Night of a Thousand Beasts by John Palisano @johnpalisano #Review by Theresa Braun @TBraun_Author #Horror #Books #BookBlogger

night of 1000 beasts

It’s been a while since we’ve had a review from Theresa! Our resident author has been very busy with the release of her novel Fountain Dead, but we’re sure glad to have her back!

Night of 1,000 Beasts

During the longest night of the century in Deer Springs, Colorado, the native creatures turn into the hunters, targeting a group of vacationers, and turning their winter vacation into a living hell.

For the ones who lurk in shadow, anxious to even the score.

Tonight’s the longest night of the century.
The night of a thousand beasts.
The night when they rise up
and get to do to us what we do to them.
It only happens once every seventy years.

The night smells like blood and fear and sweat.
The night smells of death.

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My Thoughts

One of the elements that works well in this novel is the alternating viewpoints. It keeps us guessing, while at the same time keeping the story fresh.

What starts off as a group of friends on a ski trip quickly takes a dicey turn. Two make it back to the lodge, while three are still MIA somewhere on the mountain. Palisano uses all the characters to take a look at the beastly cult lurking in the wilderness. We learn these human/animal beings take a strong dislike to visiting vacationers—and on this endlessly long night of winter seek to wreak havoc until the break of day. Who will survive? Who won’t? What do the beasts really want? We get resolution to most of these questions, while learning a few other side things like how meat can be grown in laboratories (one of my favorite tidbits in this read). Palisano’s indirect commentary about being a carnivore, versus a vegetarian/vegan, is quite amusing.

Don’t worry, I won’t reveal any specific spoilers (or the ending). Generally speaking: skiers die (and at least one other townsperson), yet sporadic moments of comedic relief get sprinkled in here and there, which is amusing. And, so does some character depth. For the most part, we can glean what these friends mean to each other and what conflicts they’ve had amongst them. There’s enough tension that I wondered how dramatic the trip would’ve been if they’d all made it safely to the lodge. My guess is that things wouldn’t have gone so smoothly anyway, just like on a crazy reality show. But I digress. As events escalated, I wondered who would be left standing, if anyone at all. Palisano’s choice and what he does with that person’s characterization is rather effective. It isn’t run-of-the-mill predictable, which is refreshing.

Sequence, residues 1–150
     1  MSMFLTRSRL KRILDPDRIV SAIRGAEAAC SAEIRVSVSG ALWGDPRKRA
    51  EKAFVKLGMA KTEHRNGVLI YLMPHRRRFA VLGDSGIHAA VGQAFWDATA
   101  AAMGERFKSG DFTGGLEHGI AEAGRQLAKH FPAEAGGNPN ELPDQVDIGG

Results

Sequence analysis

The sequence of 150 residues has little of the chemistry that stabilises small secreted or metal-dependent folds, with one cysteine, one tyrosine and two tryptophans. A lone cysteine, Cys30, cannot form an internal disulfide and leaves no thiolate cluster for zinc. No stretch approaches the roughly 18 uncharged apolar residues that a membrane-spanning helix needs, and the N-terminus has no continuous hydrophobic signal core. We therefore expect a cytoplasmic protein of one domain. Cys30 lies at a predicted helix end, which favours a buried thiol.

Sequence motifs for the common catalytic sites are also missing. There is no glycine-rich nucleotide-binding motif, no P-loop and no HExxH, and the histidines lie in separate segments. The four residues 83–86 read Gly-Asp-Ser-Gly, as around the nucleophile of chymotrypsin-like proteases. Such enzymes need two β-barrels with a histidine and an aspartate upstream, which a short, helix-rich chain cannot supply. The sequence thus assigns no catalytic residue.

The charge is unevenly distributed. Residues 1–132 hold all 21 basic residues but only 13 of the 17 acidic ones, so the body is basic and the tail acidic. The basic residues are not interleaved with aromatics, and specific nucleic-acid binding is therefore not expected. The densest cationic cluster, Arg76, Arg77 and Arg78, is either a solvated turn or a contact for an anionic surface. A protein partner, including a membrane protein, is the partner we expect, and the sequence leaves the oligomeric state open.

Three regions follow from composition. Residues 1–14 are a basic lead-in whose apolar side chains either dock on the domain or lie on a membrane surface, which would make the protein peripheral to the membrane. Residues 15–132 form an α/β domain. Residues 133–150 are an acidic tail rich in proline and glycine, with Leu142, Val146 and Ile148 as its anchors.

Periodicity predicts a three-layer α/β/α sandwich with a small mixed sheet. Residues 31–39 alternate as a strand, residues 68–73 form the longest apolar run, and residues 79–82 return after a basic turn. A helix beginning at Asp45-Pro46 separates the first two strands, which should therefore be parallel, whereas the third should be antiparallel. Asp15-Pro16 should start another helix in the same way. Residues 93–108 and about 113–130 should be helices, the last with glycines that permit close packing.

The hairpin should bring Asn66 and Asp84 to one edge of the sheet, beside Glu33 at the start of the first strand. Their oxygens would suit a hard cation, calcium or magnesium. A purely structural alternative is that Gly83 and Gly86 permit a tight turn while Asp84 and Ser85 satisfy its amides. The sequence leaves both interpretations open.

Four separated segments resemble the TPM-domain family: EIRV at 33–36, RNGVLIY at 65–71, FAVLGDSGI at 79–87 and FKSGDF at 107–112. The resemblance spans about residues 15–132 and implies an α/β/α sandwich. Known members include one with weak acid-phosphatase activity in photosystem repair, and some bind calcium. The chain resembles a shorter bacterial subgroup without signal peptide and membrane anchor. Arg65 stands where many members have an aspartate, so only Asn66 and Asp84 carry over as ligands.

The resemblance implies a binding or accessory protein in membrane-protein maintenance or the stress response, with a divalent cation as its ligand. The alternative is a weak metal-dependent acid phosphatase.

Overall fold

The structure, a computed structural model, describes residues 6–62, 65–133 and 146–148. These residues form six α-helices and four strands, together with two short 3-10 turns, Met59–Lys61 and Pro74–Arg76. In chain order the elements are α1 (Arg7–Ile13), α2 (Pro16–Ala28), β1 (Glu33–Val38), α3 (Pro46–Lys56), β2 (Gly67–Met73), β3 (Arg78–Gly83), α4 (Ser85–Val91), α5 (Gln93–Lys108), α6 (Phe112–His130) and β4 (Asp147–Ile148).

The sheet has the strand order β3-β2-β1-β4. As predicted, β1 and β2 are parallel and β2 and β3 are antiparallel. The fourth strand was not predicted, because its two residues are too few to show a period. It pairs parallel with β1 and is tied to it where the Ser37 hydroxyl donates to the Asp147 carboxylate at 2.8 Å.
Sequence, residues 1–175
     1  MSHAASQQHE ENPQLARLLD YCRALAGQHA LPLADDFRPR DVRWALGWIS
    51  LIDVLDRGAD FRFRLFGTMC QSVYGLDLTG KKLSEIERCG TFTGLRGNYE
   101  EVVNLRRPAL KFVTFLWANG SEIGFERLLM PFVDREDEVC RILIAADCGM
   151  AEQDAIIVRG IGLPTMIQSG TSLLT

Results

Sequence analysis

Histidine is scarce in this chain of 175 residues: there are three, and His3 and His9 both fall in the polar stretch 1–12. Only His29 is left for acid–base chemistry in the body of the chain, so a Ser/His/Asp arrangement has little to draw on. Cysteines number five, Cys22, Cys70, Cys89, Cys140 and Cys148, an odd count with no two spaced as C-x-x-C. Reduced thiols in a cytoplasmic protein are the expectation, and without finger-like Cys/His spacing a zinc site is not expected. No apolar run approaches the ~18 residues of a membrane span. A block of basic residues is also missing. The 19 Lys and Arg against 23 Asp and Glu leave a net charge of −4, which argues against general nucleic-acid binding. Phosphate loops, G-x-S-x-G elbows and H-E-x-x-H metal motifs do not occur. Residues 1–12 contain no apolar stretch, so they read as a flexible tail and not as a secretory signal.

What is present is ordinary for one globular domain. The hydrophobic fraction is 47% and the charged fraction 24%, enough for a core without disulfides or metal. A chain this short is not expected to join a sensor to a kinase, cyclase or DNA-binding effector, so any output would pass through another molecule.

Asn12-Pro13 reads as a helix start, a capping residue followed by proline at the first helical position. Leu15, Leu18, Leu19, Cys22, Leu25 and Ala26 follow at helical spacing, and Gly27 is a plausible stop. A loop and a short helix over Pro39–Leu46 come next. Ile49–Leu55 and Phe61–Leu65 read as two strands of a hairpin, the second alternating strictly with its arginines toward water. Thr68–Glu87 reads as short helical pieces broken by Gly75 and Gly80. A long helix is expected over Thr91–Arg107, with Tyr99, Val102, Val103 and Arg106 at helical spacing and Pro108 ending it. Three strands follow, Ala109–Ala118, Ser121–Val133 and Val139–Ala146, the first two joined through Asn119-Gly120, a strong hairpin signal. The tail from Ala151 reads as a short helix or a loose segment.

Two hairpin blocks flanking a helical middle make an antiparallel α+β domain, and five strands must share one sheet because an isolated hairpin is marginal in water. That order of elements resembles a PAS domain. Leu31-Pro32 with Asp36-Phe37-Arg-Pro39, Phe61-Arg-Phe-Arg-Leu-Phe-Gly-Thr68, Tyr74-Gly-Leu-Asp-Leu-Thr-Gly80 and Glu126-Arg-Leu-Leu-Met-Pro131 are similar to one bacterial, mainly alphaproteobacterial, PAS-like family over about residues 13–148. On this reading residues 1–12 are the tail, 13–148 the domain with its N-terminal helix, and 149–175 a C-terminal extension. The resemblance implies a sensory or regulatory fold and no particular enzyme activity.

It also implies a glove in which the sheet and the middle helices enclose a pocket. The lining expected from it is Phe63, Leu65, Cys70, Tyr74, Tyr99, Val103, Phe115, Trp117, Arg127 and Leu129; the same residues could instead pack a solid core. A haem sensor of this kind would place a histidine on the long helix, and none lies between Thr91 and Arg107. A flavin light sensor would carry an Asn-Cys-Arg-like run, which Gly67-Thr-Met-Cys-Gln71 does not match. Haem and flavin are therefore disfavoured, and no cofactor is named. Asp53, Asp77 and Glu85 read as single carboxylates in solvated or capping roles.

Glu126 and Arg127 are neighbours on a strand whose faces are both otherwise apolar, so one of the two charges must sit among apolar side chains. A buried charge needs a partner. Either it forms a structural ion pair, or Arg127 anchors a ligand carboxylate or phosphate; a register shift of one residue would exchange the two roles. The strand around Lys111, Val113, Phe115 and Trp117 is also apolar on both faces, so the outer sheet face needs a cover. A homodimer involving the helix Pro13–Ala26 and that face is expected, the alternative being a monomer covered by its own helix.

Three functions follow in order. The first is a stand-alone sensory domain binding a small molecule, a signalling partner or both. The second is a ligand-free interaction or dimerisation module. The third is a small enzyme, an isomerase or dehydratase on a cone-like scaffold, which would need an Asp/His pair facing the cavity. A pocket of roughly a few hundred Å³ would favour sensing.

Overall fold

Overall, Palisano weaves a satisfying grisly adventure packed with moments of gore and bestial cringe-worthiness. Often the line between human and beast is blurred, which I’m sure is one of the many themes here. In short, there is much in this novel to be enjoyed by readers. One of my only complaints is that I wanted to see more from the human/animal cult’s point of view. I understand that by not doing so, Palisano is able to amp up the suspense and the horror. Sometimes what we don’t know is more scary than what we do. However, since he’s left the ending up for a possible sequel, I’d like to see that explored in the continuation—if he chooses to take us there.

My Rating: 4 Stars    

Available on Amazon

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